person flopped on their bed, looking at their phone
PHOTO: Shane

We are living in a time of uncertainty where nearly everyone in the corporate world has transitioned to a work-from-home capacity. Many people, of course, are used to working from a home office and using a number of remote tools to get the work done, but this has been the exception rather than the rule.

However, when it comes to UX research, many UX professionals actually prefer remote tools. Lauren Isaacson of Curio Research says she almost always recommends remote methods, “unless the project is a secret. [Remote] is way more efficient and you get better participant diversity.”

I have personally been using remote UX methodologies for over a decade. In fact, I wrote a book about remote usability testing with Rebecca Okoroji in 2018 that provides some actionable insights and best practices, and I leverage remote UX methods alongside in-person interactions as part of my UX research toolkit. I can attest to their advantages for both generative research — during which we learn about user behavior and user expectations when interacting with a product — and evaluative research — where we put a product in front of a user to ensure it is easy to use.

That’s not to say in-person sessions don’t have their own advantages, because they certainly do. In-person sessions, for example, allow the study moderator to observe the body language of the participant. Clearly, that is not possible during a remote session. However, hesitations in speech and the tone a participant uses in a remote session communicates users’ perceptions and impressions as well. A facial video capture in a remote moderated session can help as well.

While all tools in the toolkit have pros and cons, let’s look at some of the advantages of remote methodologies that are relevant in our current times of confinement, but also extend beyond.

Increase the Reach of Your UX Studies

Remote operations make it easy to include participants from different geographical locations in the same study. Essentially, anyone with an internet connection can participate, so people from different parts of the country or world can join – from remote cities and rural areas – without the logistical complexities of having participants attend physical sessions. Remote studies can also bring a more diverse set of attendees, such as older people or those with busier jobs who may not be as inclined to travel to physical sessions. This extended reach can be very beneficial as it provides user feedback from a larger section of the target user population.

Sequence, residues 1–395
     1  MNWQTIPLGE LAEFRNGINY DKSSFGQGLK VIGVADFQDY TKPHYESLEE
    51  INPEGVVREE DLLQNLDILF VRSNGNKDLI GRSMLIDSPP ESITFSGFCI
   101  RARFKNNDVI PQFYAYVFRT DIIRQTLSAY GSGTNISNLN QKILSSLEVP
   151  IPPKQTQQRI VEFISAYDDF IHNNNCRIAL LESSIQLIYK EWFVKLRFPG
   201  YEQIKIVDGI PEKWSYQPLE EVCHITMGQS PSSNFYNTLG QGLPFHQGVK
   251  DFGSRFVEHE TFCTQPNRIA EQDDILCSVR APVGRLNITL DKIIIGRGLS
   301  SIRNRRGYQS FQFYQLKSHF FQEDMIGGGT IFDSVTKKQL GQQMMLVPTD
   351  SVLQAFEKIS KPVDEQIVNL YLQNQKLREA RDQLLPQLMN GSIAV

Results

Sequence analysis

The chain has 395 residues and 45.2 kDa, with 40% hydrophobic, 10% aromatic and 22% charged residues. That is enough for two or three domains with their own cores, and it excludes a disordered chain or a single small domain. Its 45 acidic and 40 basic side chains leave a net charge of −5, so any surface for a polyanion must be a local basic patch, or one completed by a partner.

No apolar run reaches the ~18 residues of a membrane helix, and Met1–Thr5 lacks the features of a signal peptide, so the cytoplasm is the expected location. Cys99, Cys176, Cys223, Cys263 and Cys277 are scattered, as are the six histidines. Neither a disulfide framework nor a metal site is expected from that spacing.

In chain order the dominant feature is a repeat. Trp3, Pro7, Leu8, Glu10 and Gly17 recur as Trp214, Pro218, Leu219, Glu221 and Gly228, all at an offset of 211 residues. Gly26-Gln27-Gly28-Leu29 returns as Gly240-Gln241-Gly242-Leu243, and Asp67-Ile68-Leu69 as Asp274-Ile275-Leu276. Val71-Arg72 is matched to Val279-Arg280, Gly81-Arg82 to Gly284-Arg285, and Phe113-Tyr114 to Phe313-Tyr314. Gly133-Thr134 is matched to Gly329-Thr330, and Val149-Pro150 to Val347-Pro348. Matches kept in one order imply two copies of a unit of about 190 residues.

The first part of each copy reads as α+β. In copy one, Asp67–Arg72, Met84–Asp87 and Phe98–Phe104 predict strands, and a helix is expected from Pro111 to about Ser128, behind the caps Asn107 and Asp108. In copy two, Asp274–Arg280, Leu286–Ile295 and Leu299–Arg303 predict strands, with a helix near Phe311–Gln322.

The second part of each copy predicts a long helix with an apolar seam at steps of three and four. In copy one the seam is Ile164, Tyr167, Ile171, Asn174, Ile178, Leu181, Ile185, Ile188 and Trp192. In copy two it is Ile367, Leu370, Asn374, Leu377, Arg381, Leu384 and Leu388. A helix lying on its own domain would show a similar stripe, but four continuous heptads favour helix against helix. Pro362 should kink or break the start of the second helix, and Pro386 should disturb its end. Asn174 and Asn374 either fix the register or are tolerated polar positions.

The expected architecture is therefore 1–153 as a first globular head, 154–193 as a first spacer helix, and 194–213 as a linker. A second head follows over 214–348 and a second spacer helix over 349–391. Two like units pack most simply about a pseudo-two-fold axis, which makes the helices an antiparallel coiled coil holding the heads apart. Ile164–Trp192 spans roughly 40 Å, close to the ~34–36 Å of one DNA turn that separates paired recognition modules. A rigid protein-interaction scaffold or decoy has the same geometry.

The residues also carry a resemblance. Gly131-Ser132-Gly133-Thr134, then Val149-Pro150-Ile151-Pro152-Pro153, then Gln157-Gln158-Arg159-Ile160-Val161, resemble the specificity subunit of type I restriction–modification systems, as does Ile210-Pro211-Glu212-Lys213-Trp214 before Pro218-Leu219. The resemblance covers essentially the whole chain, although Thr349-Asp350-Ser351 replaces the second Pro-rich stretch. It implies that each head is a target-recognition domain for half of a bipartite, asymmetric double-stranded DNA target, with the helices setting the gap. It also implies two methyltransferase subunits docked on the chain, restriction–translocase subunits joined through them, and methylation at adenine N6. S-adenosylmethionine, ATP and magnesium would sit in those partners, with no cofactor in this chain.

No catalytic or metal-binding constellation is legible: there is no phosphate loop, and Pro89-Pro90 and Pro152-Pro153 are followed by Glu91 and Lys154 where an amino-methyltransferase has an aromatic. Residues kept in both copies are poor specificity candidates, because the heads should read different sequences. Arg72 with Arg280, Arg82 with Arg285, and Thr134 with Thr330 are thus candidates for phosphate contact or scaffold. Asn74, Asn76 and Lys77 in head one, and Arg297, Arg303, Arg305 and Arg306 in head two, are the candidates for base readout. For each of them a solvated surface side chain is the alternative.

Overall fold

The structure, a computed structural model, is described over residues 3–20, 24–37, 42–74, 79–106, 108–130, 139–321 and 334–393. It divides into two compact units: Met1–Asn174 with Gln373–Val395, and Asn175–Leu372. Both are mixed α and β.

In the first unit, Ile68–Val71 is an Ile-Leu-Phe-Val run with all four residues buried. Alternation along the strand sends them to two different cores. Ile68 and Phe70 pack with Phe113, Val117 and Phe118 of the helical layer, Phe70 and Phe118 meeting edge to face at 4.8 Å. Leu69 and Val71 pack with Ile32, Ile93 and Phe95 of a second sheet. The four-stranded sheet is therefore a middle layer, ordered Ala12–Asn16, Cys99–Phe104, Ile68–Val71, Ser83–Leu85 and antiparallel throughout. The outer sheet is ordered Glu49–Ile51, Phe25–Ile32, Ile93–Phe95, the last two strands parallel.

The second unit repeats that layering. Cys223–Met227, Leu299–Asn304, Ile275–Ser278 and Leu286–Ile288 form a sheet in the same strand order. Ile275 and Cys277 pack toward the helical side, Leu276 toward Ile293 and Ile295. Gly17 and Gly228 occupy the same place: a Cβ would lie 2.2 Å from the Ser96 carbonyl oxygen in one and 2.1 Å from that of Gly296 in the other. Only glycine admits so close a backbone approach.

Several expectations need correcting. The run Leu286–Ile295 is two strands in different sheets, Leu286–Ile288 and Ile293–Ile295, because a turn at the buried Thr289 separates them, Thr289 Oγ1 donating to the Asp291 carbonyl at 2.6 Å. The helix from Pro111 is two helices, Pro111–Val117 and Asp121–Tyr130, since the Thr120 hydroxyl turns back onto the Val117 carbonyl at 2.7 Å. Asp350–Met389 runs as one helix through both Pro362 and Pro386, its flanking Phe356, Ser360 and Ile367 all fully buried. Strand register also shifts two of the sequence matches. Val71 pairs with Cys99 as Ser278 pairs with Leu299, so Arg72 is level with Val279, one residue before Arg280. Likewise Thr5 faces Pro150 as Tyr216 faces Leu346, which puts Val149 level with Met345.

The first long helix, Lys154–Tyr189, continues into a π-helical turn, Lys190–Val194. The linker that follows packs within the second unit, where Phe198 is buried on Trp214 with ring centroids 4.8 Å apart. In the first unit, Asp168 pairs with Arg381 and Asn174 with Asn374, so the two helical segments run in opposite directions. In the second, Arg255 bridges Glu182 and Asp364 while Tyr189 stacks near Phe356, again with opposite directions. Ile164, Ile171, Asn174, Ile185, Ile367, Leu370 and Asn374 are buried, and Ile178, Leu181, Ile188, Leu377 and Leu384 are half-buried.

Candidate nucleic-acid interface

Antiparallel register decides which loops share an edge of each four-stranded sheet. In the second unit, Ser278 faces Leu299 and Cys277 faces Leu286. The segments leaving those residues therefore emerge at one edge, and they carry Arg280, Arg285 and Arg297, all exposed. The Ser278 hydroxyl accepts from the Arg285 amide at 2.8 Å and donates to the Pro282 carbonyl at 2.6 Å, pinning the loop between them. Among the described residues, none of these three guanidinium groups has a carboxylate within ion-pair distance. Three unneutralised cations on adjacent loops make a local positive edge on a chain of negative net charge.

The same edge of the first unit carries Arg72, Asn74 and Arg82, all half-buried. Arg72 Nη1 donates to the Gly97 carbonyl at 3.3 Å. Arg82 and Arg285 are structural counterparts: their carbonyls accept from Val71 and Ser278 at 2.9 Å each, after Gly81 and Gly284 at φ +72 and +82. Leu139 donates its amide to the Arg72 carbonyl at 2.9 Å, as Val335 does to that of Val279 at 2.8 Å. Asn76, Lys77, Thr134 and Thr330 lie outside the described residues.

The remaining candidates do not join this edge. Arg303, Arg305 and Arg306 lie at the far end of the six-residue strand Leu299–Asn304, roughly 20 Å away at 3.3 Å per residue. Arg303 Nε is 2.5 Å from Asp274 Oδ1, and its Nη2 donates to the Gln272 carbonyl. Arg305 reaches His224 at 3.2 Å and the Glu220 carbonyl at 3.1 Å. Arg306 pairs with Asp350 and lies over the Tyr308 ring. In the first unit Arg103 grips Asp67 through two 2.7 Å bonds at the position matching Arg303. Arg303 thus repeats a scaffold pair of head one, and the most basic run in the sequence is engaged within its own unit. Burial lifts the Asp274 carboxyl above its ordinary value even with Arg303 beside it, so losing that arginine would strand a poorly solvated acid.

Related Article: Where Testing Fits in Your Omnichannel Experiences

Remove Device and Lab Biases

The most natural environment is the one where a study participant would normally use the product. Remote studies allow the participant to remain in their own environment and use their personally owned devices. As a result, the user feedback is more realistic. In lab sessions, the participants are often required to use equipment that is provided to them. Imagine a study on a mobile app. While providing an iPhone for participants will likely be reasonably similar to their own device, experiences on Android devices can vary significantly depending on the device manufacturer. This variation may negatively impact the user’s experience and therefore skew the feedback and results.

Related Article: User Testing Belongs in the UX Process: Here's Why

Fewer Logistics and Reduced Cost

As we touched on above, in-person interviews are heavy on logistics and cost. The need for a physical location, equipment and staff, which includes a greeter and floaters to cover for any no-shows — these expenses all add up quickly. Lab time is either expensive (rental) or scarce (lab used by several groups).

Remote research does not require travel. This is the main reason why many are turning to remote sessions under the current circumstances. Remote sessions also translate into less logistics and reduced cost, e.g. no need to compensate for travel time and no-shows are less of an issue.

It’s clear that remote studies are currently the best option — because in-person sessions are impossible — but many people may realize in the aftermath how important and valuable remote studies can truly be. They will only grow in popularity even after we are able to return to the office because they are a valuable tool in the UX research toolkit and provide researchers with more options for getting UX feedback.